My first thought when I was advised I would be travelling the Garden Route in South Africa was ‘Oh Wow!’ My second thought was ‘Will I be able to eat anything given my food allergies?’
For me, eating gluten free is essential, but a small amount of dairy is not going to be a major issue over the short-term. Even in Australia, where most food outlets have menus with the initials GF, DF or V, (gluten free, dairy free or vegetarian), dining out can be challenging, so I wondered what my experience would be on my South African trip. Oh, well, only one way to find out!
My first challenge came before leaving Australia. I flew Virgin Airlines to Perth to meet my South African Airlines (SAA) flight to Johannesburg. My flights were booked through SAA with gluten free meals all the way, so imagine my surprise when the Virgin hostess said unsympathetically: “We don’t supply gluten free meals. You can buy something off the snack menu after the meals are finished. There are potato crisps or popcorn!” This was on a 4.5-hour flight over dinner time. At this point, I was very hungry and anxious about what the rest of the trip held in store.
I need not have worried because my SAA flight to Johannesburg was a completely different and delightful experience. I cannot speak highly enough of the helpful and friendly SAA flight crew who were very polite and attentive. Not only was my meal gluten free but also of good quality. Things were looking up.
At the airport at Johannesburg, I had a stopover before flying to George. The only café open late at night was a small coffee shop with not a GF sign anywhere, but when I timidly asked about gluten free, the young man serving said: “Sure, we have gluten free frittatas you could have.” Phew, how fantastic!
South African Tourism did a wonderful job ensuring we sampled a wide range of cuisine. Meals ranged from café style to international standard gourmet with a mingling of flavours and spices influenced by Dutch, French, Indian and Malay forebears. Traditional South African dishes that are gluten free include Boboti, Chakalaka and pap, Biltong, Droewors and Braai (like a barbecue but big) and Amarula ice cream. All are yummy. Restaurant prices were substantially less than in Australia, and the food is good, so you can afford to splurge a little.
Although the menus of the food establishments we visited rarely indicated any allergy information, this was not a problem, because without exception, wherever we dined, the wait staff either knew the allergy status of their menus or were happy to clarify with the chef. Many of their meals were made without gluten anyway.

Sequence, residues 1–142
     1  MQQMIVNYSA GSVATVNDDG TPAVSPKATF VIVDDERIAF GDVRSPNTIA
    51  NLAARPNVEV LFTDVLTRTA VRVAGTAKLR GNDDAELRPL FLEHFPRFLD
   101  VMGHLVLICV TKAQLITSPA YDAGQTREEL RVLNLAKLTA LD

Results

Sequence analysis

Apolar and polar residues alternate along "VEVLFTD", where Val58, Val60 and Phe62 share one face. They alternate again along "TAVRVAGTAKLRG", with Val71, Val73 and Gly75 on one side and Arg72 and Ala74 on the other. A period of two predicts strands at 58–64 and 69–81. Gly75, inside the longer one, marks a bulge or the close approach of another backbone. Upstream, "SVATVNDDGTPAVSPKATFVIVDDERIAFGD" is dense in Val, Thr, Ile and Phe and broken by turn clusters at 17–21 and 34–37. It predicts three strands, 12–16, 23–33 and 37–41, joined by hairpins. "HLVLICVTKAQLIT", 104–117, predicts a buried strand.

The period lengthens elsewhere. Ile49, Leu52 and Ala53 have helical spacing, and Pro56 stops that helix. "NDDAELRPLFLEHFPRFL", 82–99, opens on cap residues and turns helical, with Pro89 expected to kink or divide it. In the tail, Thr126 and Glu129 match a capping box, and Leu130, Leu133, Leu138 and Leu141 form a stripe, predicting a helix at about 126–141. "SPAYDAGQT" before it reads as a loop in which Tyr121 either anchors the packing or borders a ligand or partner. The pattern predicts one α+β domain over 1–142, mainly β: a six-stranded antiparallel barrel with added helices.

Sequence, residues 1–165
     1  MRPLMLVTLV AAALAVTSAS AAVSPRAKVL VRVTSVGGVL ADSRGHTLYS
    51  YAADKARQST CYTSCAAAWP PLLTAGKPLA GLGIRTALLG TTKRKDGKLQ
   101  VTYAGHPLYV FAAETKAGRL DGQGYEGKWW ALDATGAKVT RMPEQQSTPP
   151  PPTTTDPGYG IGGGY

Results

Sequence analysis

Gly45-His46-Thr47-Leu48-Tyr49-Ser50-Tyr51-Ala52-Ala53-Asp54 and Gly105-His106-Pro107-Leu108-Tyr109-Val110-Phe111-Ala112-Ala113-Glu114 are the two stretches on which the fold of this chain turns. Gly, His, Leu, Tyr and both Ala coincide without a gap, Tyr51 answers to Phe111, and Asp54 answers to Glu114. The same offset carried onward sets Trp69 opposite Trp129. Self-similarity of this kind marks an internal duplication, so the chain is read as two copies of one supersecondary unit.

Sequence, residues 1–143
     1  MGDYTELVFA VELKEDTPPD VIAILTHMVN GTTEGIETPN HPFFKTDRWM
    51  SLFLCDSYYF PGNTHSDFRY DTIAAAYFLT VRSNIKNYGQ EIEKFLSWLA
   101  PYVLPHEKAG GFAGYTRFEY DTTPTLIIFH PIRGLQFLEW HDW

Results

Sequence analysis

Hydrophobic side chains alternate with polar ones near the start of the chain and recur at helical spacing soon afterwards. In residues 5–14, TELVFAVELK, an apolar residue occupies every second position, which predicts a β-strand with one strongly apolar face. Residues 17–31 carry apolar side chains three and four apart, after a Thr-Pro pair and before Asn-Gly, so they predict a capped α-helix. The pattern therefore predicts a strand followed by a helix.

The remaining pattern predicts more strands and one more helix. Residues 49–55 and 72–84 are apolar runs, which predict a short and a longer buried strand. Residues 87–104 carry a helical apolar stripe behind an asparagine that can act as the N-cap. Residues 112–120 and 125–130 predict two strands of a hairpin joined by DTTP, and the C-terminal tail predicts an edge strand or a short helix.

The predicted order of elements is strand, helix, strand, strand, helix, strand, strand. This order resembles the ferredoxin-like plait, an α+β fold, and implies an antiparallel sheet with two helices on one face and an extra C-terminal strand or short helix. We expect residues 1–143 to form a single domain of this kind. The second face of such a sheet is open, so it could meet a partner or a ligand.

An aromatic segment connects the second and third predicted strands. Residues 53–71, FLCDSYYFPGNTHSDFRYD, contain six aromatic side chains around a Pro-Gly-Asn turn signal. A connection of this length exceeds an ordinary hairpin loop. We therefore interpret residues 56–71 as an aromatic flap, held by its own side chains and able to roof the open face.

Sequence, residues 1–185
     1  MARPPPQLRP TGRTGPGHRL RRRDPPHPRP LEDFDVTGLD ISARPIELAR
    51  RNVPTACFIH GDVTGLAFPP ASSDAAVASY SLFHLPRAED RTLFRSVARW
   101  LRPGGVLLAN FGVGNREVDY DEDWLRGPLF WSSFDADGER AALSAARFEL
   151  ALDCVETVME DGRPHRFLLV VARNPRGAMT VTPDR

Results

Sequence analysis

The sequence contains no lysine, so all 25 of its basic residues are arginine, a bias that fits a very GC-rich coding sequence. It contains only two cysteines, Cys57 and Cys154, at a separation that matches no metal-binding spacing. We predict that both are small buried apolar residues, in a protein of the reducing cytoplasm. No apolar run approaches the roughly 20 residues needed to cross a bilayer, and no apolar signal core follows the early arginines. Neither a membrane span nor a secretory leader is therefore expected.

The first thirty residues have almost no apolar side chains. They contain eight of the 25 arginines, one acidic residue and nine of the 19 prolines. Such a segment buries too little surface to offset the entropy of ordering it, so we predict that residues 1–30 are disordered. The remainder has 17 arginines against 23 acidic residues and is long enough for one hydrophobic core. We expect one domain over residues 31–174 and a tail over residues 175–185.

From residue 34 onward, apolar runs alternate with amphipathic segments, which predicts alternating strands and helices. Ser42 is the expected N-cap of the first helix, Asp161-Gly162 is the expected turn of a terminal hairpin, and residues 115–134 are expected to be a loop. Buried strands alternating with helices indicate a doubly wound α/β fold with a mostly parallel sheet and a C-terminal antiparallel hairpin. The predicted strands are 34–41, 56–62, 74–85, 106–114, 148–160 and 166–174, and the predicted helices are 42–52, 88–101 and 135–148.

Another of our group was vegetarian and he had the same support and friendly response that I did. I’m sensitive to even small amounts of gluten and though there was no guarantee against contamination in their kitchens, I had no adverse food reactions during this trip. This is a very big deal as it’s something I’ve never been able to say before.
Below are the 11 venues that I experienced ranked in order from cheap and cheerful to five-star gourmet.
The Lookout is an al fresco café right on the beach at Plettenberg Bay. The small, tender calamari with grilled vegetables and rice that I ordered was delicious. Several of our group requested dairy free smoothies with almond milk, which was also no issue.
Butterfly Blu Restaurant at Brenton Haven. This lovely beachfront restaurant has beautiful décor, is perched high on a sand dune and overlooks the glorious long white, ocean beach at Brenton on Sea, Knysna. I enjoyed breakfast while a pod of dolphins surfed the rolling waves below. Most meals were gluten free including dessert. The pork belly that I ordered for dinner was tender and substantial.
Moyo Kirstenbosch at Cape Town. We had lunch here at the beautiful Kirstenbosch Gardens. The meals were good and included traditional African cuisine. We had our faces painted while we waited for our meals and I’m not sure style was typically African, but it was a fun way to wait for our meals. The gluten free crumbed prawns and mango mocktail were a treat.